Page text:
Book Club 4/2024: I Don't Like ORMs

24 April 2024 5 Minutes History

Object-relational mappers are more trouble than they're worth.


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Indeed, Object-Relational Mappers (ORMs) are a negative thing to me. For the uninitiated, these are tools which automagically provide ways of mapping data between the object (class) representations in our application software and the corresponding relational representations in databases (specifically, of course, relational databases). They present an alternative to writing SQL and deserializing the data manually. Popular ORMs include Entity Framework for .NET or Prisma for Node/TS.

ORMs typically have two main components: some way to map between properties in a class and table/columns in the database, and some way to not have to write SQL in your application. In the case of Entity Framework and similar libraries for .NET, this takes the form of attributes on class properties for the former, and using LINQ to write the queries which then "intelligently" get translated to SQL at runtime and sent down the wire. It provides type safety and absolves the engineer from having to write SQL in their applications. Many take this to be a good thing.

The problem which I have with ORMs is twofold, but it mainly boils down to the second. First, I perceive ORMs as polluting my objects - attributes and configuration code are annoying, sure, but I have concerns with vendor lock-in and more greatly that the query abstractions tend to hide what they're doing. Taking Entity Framework specifically, you need to be quite good at knowing what it's doing in the LINQ there to avoid any number of gotchas, which increases the incidence rate of footguns. This leads into my second and important gripe: ORMs offer less performance. Even if you're really good at them you're never going to get an overall performance benefit.

The performance problem does frequently come from a misunderstanding of how the SQL abstraction of a particular ORM maps to SQL, yes, but it's also just less performant to insert an abstraction over something. A lot will push back on me at this point that performance isn't everything - readability and maintainability are important, and my straw man here will feel that the type-safe abstraction of the ORM is more of both. I think this is misguided. Unless you know SQL quite well and you know how your ORM generates SQL from its abstraction you're going to be setting up some potential very volatile code, so you need to read the code you wrote in this abstraction through this lens. Which seems easier then - writing and reading this abstracted code while considering the SQL translation, or just writing and reading SQL?

One can claim "skill issue" here all they want, but the point is that I cannot see how using the ORM reduces any burden on me as I'm writing code. It only adds to the considerations I have to make. To be clear, I do believe you need to learn and know SQL well in order to be able to effectively use a relational database ever, whether you're using an ORM or not. For an engineer to desire to avoid learning and understanding SQL is lazy. Perhaps someone has indeed invested the time in learning it well and decided that they really would rather have the abstraction over it; this is an informed opinion which I can respect, and I'm sure such an engineer would be grateful for what they did learn from SQL (my favorite straw men are the respectable sort). I don't know that you can ultimately use any tool to make up for not understanding the fundamental working of databases and their query engines - just as in sports, it's not the tools that make one successful.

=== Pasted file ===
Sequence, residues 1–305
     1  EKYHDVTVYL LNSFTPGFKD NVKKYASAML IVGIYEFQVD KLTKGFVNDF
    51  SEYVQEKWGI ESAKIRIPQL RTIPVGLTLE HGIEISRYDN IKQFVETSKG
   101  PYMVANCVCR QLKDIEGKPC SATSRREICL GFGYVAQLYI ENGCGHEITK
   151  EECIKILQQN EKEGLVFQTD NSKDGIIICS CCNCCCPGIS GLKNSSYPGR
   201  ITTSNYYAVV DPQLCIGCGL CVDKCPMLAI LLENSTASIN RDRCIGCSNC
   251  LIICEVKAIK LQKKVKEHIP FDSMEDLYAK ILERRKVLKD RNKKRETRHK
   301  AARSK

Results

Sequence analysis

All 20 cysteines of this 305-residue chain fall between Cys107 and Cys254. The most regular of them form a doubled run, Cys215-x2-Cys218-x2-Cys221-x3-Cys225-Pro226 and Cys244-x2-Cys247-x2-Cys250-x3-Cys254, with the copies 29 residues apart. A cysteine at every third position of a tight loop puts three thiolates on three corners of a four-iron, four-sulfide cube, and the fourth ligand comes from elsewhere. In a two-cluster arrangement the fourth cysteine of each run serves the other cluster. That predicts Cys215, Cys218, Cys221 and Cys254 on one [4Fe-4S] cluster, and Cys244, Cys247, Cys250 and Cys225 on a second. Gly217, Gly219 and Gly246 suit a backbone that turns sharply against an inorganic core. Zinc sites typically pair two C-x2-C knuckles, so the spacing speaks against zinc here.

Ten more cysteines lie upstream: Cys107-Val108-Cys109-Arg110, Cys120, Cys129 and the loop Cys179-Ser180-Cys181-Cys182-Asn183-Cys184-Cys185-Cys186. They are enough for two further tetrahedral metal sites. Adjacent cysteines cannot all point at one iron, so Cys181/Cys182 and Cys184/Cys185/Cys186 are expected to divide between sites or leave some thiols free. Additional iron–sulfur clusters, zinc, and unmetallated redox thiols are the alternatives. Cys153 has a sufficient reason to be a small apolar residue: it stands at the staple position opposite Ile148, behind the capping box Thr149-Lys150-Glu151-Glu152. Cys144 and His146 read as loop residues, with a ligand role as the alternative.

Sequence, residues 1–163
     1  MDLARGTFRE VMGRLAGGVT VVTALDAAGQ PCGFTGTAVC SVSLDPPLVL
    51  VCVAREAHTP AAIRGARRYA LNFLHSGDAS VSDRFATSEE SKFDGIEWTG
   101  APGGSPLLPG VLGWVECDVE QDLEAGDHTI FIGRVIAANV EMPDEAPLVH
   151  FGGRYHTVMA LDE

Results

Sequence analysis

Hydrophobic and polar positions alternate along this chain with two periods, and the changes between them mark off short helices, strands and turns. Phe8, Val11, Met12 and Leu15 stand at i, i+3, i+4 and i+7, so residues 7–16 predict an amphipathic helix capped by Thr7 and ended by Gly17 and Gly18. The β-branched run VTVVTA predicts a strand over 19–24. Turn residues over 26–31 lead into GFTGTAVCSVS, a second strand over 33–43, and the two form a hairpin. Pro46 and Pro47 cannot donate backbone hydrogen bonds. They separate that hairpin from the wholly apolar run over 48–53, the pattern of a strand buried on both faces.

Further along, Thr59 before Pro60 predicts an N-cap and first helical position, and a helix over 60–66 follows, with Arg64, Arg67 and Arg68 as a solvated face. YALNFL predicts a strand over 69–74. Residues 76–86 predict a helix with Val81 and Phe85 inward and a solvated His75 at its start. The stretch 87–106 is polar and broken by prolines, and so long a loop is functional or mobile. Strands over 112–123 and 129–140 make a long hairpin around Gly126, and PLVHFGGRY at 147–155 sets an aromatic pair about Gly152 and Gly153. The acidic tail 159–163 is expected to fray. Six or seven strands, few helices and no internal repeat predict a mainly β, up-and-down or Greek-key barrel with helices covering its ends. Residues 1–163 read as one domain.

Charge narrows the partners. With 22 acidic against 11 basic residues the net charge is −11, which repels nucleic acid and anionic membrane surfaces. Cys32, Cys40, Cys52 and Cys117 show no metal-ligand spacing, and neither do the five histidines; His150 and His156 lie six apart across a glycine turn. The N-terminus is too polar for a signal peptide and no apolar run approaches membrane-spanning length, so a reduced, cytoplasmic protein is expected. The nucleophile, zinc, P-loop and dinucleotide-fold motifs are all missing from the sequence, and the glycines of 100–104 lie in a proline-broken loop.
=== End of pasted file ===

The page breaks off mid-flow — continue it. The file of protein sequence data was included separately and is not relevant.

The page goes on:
So all that considered, my recommendation is to just use SQL. That, to me, has the lowest burden across the board. Since I need to learn SQL I know it, when I write or read SQL I don't have to jump through translations, and when it comes to mapping or deserializing the response from the database I have all the control I need. But wait! Doesn't that lead to so much more boilerplate code? No, and I'm disinclined to elaborate for I've never seen a proof of this and I believe the burden of proof is on the individual making this assertion. Please leave your proof in the comments! To anticipate a response, the boilerplate which I use over ADO.NET and copy/paste/modify for any particular project clocks in at under 100 lines, I and everyone else in the codebase know exactly what it does, and it outperforms your ORM.

As a final note, there are a category of ORMs which assist you in writing actual SQL then handling just the mapping; they don't abstract over the SQL, which is my main objection. In .NET the most popular one by far is Dapper. Considering the low cost of entry to rolling my own mapping, I prefer and recommend that approach. However, there are projects or environments where Dapper can be useful, and I would recommend that everyone look to this library for these cases, or as an inspiration for what you can achieve on your own.



I know that and Medium articles are a bit of a mixed bag, but these are well-considered with good, practical examples:

Hi, I'm Ian

I'm a software engineer, architect, and team leader in Minneapolis. My career has largely focused on .NET and web technologies, spread across several industries. Currently I'm working for Crate & Barrel on their ecommerce solutions. You can find me on this blog, contributing to open source repositories, and at conferences around the Midwest.

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